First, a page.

18. Not only was the High Court in error in treating the alleged confession of Palvinder as evidence in the case but it was further in error in accepting a part of it after finding that the rest of it was false. It said that the statement that the deceased took poison by mistake should be ruled out of consideration for the simple reason that if the deceased had taken poison by mistake the conduct of the parties would have been completely different, and that she would have then run to his side and raised a hue and cry and would have sent immediately for medical aid, that it was incredible that if the deceased had taken poison by mistake, his wife would have stood idly by and allowed him to die. The court thus accepted the inculpatory part of that statement and rejected the exculpatory part. In doing so it contravened the well accepted rule regarding the use of confession and admission that these must either be accepted as a whole or rejected as a whole and that the court is not competent to accept only the inculpatory part while rejecting the exculpatory part as inherently incredible. Reference in this connection may be made to the observations of the Full Bench of the Allahabad High Court in Emperor v. Balmakund ILR [(1930) All. 1011, with which observations we fully concur. The confession there comprised of two elements, (a) an account of how the accused killed the women, and (b) an account of his reasons for doing so, the former element being inculpatory and the latter exculpatory and the question referred to the Full Bench was : Can the court, if it is of opinion that the inculpatory part commends belief and the exculpatory part is inherently incredible, act upon the former and refuse to act upon the latter The answer to the reference was that where there is no other evidence to show affirmatively that any portion of the exculpatory element in the confession is false, the court must accept or reject the confession as a whole and cannot accept only the inculpatory element while rejecting the exculpatory element as inherently incredible. The alleged confession of Palvinder is wholly of an exculpatory nature and does not admit the commission of any crime whatsoever. The suspicious circumstances from which an inference of guilt would be drawn were contained in that part of the statement which concerned the disposal of the dead body. This part of the statement could not be used as evidence by holding that the first part which was of an exculpatory character was false when there was no evidence to prove that it was so, and the only material on which it could be so held was the conduct mentioned in the latter part of the same statement and stated to be inconsistent with the earlier part of the confession.
19. The result therefore is that no use can be made of the statement made by Palvinder and contained in the alleged confession and which the High Court thought was the most important piece of evidence in the case to prove that the death of Jaspal was caused by poisoning or as a result of an offence having been committed. Once this confession is excluded altogether, there remains no evidence for holding that Jaspal died as a result of the administration of potassium cyanide.
20. The circumstantial evidence referred to by the High Court which according to it tends to establish that Jaspal did not die a natural death is of the following nature : That Palvinder and Mohinderpal had a motive to get rid of the deceased as she was carrying on with Mohinderpal. The motive, even if proved in the case, cannot prove the circumstances under which Jaspal died or the cause which resulted in his death. That Mohinderpal was proved to be in possession of a quantity of potassium cyanide and was in a position to administer it to the deceased is a circumstance of a neutral character. Mere possession of potassium cyanide by Mohinderpal without its being traced in the body of Jaspal cannot establish that his death was caused by this deadly poison. In any case, the circumstance is not of a character which is wholly incompatible with the innocence of the appellant. The other evidence referred to by the High Court as corroborating the latter part of Palvinder's alleged confession in the view of the case that we have taken does not require any discussion because if the confession is inadmissible, no question of corroborating it arises.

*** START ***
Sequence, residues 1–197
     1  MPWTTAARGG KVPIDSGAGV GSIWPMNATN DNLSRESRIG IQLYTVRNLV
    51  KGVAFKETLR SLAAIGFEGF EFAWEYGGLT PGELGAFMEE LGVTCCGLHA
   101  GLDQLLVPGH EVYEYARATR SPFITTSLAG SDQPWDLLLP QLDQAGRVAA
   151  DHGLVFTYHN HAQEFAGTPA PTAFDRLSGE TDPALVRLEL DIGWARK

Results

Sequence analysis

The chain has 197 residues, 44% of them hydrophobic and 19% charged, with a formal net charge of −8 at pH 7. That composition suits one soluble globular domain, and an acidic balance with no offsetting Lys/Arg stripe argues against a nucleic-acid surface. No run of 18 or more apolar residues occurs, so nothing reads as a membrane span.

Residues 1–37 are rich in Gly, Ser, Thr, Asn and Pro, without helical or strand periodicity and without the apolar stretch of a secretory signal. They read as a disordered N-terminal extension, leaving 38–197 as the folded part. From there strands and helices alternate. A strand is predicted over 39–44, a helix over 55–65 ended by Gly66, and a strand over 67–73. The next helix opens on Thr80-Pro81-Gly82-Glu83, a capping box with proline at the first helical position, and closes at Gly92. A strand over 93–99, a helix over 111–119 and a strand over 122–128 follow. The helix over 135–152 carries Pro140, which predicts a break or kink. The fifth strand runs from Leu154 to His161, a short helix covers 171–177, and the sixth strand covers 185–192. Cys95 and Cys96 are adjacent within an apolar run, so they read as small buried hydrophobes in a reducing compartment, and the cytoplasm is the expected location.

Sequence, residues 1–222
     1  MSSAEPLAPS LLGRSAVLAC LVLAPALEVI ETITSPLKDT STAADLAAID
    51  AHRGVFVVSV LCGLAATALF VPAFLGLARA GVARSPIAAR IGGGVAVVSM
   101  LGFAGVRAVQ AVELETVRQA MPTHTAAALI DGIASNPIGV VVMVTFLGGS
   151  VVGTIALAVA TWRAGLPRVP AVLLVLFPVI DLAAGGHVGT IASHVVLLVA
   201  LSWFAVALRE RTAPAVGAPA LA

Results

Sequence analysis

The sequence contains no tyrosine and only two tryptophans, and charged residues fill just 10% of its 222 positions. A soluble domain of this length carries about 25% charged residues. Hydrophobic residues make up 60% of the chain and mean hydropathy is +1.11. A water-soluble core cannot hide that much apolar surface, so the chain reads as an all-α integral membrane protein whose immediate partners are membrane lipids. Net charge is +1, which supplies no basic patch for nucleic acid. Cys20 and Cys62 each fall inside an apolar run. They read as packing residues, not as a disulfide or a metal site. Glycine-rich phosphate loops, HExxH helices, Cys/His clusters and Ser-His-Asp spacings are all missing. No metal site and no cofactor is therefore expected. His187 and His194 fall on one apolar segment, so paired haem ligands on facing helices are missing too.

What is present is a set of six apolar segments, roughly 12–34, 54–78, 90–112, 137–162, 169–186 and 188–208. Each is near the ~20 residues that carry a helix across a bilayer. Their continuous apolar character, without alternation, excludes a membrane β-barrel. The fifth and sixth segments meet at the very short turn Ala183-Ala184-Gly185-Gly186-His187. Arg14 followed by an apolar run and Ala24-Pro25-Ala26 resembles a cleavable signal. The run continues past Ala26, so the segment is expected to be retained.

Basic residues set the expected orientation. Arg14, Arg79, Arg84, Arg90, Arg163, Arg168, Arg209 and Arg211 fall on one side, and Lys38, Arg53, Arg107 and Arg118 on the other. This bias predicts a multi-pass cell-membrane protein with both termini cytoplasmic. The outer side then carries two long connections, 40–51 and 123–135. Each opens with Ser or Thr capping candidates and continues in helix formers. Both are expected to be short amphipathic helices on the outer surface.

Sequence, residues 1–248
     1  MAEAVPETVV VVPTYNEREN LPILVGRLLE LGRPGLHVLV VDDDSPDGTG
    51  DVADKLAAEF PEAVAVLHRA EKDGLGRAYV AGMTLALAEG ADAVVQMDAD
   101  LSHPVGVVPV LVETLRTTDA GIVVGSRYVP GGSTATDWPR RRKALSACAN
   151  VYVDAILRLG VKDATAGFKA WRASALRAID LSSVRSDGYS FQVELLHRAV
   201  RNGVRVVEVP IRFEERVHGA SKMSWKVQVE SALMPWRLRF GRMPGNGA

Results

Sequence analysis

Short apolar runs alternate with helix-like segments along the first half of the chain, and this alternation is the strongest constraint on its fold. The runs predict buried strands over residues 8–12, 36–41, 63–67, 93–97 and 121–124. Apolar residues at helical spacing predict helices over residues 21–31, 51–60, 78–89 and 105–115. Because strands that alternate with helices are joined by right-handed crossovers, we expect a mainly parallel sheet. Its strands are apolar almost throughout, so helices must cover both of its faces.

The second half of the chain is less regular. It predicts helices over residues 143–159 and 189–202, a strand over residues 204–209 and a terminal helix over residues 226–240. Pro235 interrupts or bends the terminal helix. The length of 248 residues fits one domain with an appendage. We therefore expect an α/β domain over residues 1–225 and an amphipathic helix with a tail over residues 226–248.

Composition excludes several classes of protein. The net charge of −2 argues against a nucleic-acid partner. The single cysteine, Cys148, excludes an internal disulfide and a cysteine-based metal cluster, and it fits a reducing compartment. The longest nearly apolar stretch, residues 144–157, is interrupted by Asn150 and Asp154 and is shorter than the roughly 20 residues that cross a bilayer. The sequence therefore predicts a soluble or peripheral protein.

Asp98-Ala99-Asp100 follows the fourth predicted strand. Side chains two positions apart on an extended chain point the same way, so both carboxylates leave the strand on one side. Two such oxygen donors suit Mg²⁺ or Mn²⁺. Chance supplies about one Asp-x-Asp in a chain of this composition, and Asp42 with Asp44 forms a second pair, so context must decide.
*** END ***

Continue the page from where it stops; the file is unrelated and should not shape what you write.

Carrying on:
21. Mr. Sethi argued that the statements contained in the alleged confession are contradicted rather than corroborated by the evidence led by the prosecution and that the confession is proved to be untrue. It is unnecessary to discuss this matter in the view that we have taken of the case.
22. The result, therefore, is that we are constrained to hold that there is no material, direct or indirect, for the finding reached by the High Court that the death of Jaspal was caused by the administration of potassium cyanide. If we believe the defence version his death was the result of an accident. If that version is disbelieved, then there is no proof as to the cause of his death. The method and manner in which the dead body of Jaspal was dealt with and disposed of raise some suspicion but from these facts a positive conclusion cannot be reached that he died an unnatural death necessarily. Cases are not unknown where death is accidental and the accused has acted in a peculiar manner regarding the disposal of the dead body for reasons best known to himself. One of them might well be that he was afraid of a false case being started against him. Life and liberty of persons cannot be put in jeopardy on mere suspicions, howsoever strong, and they can only be deprived of these on the basis of definite proof. In this case, as found by the High Court, not only were the Sub-Inspector of police and police constables and other witnesses guilty of telling deliberate lies but the prosecution was blameworthy in introducing witnesses in the case to support their lies and that being so, we feel that it would be unsafe to convict the appellant on the material that is left after eliminating the perjured, false and inadmissible evidence.
23. For the reasons given above we allow this appeal, set aside the conviction of the appellant under section 201, Indian Penal Code, and acquit her of that charge also.
24. Appeal allowed.